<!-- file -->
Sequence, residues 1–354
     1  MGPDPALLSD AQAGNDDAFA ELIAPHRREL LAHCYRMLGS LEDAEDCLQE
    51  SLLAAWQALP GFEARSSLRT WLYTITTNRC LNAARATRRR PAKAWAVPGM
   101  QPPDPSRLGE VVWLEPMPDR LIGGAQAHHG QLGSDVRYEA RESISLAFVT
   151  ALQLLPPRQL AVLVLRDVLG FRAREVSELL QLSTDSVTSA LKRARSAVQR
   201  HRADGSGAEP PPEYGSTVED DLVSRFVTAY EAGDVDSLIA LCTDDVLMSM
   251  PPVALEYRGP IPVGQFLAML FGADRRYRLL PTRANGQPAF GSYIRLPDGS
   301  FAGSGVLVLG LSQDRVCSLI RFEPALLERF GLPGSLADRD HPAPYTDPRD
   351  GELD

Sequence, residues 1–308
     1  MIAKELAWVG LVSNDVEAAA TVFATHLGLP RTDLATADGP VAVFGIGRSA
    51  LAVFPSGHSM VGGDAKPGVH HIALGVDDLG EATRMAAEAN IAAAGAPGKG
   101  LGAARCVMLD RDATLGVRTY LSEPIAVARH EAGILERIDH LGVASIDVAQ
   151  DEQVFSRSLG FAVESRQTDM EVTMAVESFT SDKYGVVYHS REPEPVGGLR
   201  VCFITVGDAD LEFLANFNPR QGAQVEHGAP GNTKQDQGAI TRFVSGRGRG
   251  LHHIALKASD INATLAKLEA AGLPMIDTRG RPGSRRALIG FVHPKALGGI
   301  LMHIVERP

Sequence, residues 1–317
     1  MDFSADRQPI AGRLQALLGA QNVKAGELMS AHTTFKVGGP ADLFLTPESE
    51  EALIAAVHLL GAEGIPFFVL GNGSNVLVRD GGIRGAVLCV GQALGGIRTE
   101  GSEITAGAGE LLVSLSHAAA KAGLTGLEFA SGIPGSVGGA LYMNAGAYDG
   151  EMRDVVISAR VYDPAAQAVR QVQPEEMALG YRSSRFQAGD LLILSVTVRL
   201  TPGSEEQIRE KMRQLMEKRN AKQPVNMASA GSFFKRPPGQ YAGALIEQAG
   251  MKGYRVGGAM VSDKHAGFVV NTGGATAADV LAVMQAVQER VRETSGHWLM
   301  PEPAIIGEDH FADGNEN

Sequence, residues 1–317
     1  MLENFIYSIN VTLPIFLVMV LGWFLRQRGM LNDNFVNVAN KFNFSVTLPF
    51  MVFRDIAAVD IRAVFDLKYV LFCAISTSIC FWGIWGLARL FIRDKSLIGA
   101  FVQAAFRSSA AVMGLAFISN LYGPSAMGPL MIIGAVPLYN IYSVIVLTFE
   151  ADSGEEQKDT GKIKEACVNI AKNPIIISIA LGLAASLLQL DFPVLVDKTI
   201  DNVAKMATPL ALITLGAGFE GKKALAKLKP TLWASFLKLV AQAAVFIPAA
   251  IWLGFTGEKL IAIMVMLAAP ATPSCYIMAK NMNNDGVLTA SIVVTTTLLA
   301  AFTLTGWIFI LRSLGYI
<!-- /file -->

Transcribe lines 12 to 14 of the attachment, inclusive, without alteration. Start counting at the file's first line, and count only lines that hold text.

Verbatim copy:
    51  LAVFPSGHSM VGGDAKPGVH HIALGVDDLG EATRMAAEAN IAAAGAPGKG
   101  LGAARCVMLD RDATLGVRTY LSEPIAVARH EAGILERIDH LGVASIDVAQ
   151  DEQVFSRSLG FAVESRQTDM EVTMAVESFT SDKYGVVYHS REPEPVGGLR